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Link

Butler Banner is an exhibit led by Columbia University students and supported and sponsored by Columbia University Libraries. Based on an artifact in the Libraries’ collections and an historic campus event, the exhibit aims to foster conversations about representation in campus spaces, collections, and scholarship.

Throughout Butler you’ll find different aspects of the Banner to engage with, including here in the RBML, a segment of the original, 1989 Butler banner.

News from RBML’s Archivists | October 2019

vintage assorted books on shelf

Photo credit: Roman Craft

Head Archivist Kevin Schlottmann shares collections new from the RBML

Here are some new and updated finding aids, reflecting work by archivists in archival processing, collections management, and university archives, as well as by our graduate student internship program. – KWS

Marie Mattingly Meloney Collection on Marie Curie
“The bulk of the collection deals with Marie Curie’s travels in the United States in 1921 and 1929, as a result of Marie Mattingly Meloney’s fundraising campaigns to purchase radium for Curie’s experiments. It includes correspondence with, photographs of, and manuscripts and printed material by and about Marie Curie. There is also an academic cap worn by Marie Curie while accepting honorary degrees in the United States, and a watch given to Meloney by Curie.”

Marie Curie – Mobile Military Hospital X-Ray-Unit circa 1915

The American Assembly records, 1950-2007
“This collection contains the administrative papers from 1950 to 1970s, which document the establishment of the Assembly and how it operated in the framework of Columbia University and its Business School.” Continue reading

The Other DeWitt Clinton Chair

Most of the time, when people at Columbia talk about the DeWitt Clinton chair, they mean the professorial chair in American History currently held by Eric Foner.  At the Rare Book Manuscript Library, however, we mean a literal chair on display in the Corliss Lamont reading room.  As its tarnished silver plaque notes, this is the chair “in which GOV. DE WITT CLINTON was seated at the time of his death.”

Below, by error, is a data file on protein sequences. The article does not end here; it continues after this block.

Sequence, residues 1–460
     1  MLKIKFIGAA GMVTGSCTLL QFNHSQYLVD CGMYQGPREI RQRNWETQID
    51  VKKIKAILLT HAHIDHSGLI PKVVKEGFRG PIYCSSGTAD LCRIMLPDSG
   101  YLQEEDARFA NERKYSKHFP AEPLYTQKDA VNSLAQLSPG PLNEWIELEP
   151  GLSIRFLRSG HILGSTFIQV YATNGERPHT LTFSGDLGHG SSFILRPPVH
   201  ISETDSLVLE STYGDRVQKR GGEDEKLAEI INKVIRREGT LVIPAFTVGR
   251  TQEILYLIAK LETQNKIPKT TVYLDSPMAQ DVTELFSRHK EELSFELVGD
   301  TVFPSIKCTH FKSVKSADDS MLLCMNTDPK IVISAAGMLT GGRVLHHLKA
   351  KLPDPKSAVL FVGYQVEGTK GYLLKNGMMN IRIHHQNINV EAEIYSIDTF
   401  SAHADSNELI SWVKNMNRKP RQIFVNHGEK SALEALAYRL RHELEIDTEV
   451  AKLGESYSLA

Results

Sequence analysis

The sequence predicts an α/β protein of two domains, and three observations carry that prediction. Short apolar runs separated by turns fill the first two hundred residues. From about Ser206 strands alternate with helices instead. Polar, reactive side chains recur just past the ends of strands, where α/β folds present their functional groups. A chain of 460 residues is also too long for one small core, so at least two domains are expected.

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Jack Kerouac Played Football Here!

Jack Kerouac in Columbia Football uniform as a reserve player, 1942

Jack Kerouac came to Columbia in 1940 on a football scholarship. Unfortunately, the all-Massachusetts State player in high school suffered a broken leg in only his second game of his freshman year. In a memoir by C. Ogden Beresford (CC 1943) available at the University Archives, there is a first-person account of Kerouac after the tragic accident. Oggie, as he was known, recalled the freshman who shared a connecting room in Livingston Hall (now Wallach Hall) with his friend Jimmy Crump: Continue reading

Homecoming Ball 1948

Mamie and Dwight D. Eisenhower arriving for the October 16, 1948 Homecoming Ball

In addition to the great teams, coaches and players in the history of Columbia football featured in our exhibition “Roar, Lion, Roar“, on view at the Rare Book & Manuscript Library, we wanted to show football from the fans’ point-of-view – the history of the experience of going to a game. In the exhibit we feature the different venues that have served as home fields for the Lions and also highlight the other traditions: the mascot, the school song, the cheerleaders and Homecoming. Continue reading